The Winfield family moves into a new house in a small town in Indiana. Tomboy Marjorie Winfield begins a romance with William Sherman who lives across the street. Marjorie has to learn how ... See full summary »
In this reworking of "No, No, Nanette," wealthy heiress Nanette Carter bets her uncle $25,000 that she can say "no" to everything for 48 hours. If she wins, she can invest the money in a ... See full summary »
Fred and Lilly are a divorced pair of actors who are brought together by Cole Porter who has written a musical version of The Taming of the Shrew. Of course, the couple seem to act a great ... See full summary »
Miss Ethel 'Dynamite' Jackson is a chorus girl who mistakingly receives an invitation from the State Department to represent the American theatre at an arts exposition in Paris, France. ... See full summary »
Pretty Melinda Howard has been abroad singing with a musical troupe. She decides to return home to surprise her mother whom she thinks is a successful Broadway star with a mansion in ... See full summary »
Deadwood, Dakota Territory, is largely the abode of men, where Indian scout Calamity Jane is as hard-riding, boastful, and handy with a gun as any; quite an overpowering personality. But the army lieutenant she favors doesn't really appreciate her finer qualities. One of Jane's boasts brings her to Chicago to recruit an actress for the Golden Garter stage. Arrived, the lady in question appears (at first) to be a more feminine rival for the favors of Jane's male friends...including her friendly enemy Wild Bill Hickock. Written by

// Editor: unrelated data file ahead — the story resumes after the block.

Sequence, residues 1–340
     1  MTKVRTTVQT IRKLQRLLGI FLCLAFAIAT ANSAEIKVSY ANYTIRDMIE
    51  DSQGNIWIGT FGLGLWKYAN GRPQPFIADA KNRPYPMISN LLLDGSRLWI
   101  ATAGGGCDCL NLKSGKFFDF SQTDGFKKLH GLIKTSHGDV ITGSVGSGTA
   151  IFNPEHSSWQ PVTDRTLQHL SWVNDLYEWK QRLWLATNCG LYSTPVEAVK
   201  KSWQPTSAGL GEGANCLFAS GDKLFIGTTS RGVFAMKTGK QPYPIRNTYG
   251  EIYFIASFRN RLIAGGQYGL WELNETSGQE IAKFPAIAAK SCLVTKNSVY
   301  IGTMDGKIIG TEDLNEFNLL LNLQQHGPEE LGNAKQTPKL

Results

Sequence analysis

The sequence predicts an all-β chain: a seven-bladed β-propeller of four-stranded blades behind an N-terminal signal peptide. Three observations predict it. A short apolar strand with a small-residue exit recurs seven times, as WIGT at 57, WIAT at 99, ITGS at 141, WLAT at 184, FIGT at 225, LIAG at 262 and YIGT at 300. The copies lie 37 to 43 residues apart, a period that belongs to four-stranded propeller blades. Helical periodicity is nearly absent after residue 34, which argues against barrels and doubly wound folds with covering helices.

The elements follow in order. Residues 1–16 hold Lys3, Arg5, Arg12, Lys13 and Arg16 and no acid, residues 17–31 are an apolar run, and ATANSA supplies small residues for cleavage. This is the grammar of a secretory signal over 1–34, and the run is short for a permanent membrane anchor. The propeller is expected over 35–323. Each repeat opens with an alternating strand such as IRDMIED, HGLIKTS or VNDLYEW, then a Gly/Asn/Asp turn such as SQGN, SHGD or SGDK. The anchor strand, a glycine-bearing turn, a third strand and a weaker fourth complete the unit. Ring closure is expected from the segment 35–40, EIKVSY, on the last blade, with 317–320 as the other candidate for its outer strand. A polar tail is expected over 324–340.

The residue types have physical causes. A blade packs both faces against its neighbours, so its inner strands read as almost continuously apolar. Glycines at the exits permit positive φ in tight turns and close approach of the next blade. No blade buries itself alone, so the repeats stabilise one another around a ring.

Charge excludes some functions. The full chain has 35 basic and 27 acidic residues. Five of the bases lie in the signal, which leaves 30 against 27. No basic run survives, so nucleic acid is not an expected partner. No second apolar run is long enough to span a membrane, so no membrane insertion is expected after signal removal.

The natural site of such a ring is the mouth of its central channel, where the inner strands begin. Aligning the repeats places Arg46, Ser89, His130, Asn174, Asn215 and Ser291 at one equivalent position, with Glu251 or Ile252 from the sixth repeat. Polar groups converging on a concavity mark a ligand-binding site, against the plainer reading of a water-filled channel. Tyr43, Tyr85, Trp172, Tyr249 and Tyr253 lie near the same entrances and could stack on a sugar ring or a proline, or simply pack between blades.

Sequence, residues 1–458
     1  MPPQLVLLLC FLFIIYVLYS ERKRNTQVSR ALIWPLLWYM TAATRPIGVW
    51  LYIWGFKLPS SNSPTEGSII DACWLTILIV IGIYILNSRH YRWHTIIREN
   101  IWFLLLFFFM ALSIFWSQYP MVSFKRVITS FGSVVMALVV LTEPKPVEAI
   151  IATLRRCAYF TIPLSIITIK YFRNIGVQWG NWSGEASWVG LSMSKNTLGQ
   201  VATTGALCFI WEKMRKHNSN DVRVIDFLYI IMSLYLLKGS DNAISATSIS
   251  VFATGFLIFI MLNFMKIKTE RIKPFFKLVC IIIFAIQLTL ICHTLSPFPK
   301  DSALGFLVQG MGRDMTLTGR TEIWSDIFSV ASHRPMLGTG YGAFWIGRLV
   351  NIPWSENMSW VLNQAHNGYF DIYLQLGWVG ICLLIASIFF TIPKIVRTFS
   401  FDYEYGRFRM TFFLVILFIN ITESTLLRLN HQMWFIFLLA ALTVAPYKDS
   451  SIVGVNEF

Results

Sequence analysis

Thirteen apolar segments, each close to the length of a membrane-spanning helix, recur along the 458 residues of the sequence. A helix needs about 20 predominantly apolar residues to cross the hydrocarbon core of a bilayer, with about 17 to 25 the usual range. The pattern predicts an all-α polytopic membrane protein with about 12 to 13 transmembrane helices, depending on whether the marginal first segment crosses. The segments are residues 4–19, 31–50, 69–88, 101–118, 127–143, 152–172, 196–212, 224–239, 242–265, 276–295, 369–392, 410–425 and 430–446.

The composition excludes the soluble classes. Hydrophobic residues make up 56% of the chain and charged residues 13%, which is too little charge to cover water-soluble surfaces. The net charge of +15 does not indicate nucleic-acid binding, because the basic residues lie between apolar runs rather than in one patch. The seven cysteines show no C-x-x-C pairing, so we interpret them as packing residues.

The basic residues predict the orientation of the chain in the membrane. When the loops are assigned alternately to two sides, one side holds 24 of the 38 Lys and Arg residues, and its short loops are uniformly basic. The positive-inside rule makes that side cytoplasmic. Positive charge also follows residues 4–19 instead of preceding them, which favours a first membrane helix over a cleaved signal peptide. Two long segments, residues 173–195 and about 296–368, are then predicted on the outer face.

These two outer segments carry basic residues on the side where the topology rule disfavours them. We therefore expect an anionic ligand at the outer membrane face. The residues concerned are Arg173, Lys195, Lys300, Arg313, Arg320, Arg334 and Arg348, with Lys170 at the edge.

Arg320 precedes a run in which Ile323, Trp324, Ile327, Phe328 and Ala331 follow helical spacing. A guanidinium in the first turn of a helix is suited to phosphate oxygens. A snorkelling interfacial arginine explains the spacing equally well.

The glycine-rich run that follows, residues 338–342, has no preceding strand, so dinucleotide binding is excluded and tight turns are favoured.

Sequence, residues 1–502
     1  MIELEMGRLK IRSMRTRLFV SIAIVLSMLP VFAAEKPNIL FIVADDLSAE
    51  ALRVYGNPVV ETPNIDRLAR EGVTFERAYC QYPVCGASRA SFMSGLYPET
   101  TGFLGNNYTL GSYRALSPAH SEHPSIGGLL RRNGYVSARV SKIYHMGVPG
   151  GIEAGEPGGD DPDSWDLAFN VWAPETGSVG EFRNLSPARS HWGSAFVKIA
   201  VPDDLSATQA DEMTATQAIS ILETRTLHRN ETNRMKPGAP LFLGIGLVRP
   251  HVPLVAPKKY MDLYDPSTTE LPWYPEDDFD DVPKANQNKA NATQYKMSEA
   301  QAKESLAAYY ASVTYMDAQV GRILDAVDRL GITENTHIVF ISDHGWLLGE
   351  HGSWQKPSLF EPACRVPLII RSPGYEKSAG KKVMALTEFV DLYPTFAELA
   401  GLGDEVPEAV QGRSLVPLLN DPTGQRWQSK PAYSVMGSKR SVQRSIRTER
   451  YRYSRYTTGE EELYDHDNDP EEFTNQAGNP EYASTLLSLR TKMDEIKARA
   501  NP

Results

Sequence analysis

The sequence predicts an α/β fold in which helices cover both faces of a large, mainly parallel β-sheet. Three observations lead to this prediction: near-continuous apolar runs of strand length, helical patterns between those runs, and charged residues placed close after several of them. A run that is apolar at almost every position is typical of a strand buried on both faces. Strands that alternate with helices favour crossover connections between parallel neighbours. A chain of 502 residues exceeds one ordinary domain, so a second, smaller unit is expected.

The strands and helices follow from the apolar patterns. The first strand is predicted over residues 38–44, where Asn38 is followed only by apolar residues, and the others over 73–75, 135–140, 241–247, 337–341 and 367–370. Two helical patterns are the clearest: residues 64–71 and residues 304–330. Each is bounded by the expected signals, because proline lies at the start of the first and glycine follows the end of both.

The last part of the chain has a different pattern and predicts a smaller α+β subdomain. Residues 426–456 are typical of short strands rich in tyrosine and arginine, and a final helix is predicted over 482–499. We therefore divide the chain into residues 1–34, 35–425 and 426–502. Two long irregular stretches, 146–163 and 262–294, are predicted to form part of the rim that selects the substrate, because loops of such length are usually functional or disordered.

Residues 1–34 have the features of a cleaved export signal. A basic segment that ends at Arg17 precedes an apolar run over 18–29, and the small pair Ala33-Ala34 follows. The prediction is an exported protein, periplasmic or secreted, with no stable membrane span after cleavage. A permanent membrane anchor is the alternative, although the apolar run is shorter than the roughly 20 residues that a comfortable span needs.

Rod Crawford <firstname.lastname@example.org>
... who else could put across the Deadwoodstageis number like Doris Day in the opening sequences of this wonderful movie? Right through to her mushy ballad 'Secret Love' she is perfect for the role of the butch cowgirl who gets a feminine makeover and snares her shooting buddy (the excellent Howard Keel, in fine voice here). Doris was a true star, a great actress and singer, game for a laugh and a pretty blonde who transcended her rather trite public image through her talent. Calamity Jane is possibly her best work, and certainly one of the best musical movies of the 1950s (against some pretty stiff competition). They might be making musicals again, but they won't make them quite like this.
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